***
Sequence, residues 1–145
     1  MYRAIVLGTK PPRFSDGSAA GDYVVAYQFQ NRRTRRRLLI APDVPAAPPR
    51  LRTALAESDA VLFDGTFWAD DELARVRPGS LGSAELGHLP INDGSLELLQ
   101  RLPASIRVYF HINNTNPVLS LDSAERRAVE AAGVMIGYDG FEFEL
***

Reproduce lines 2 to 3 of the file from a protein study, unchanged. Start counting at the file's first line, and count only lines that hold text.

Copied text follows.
     1  MYRAIVLGTK PPRFSDGSAA GDYVVAYQFQ NRRTRRRLLI APDVPAAPPR
    51  LRTALAESDA VLFDGTFWAD DELARVRPGS LGSAELGHLP INDGSLELLQ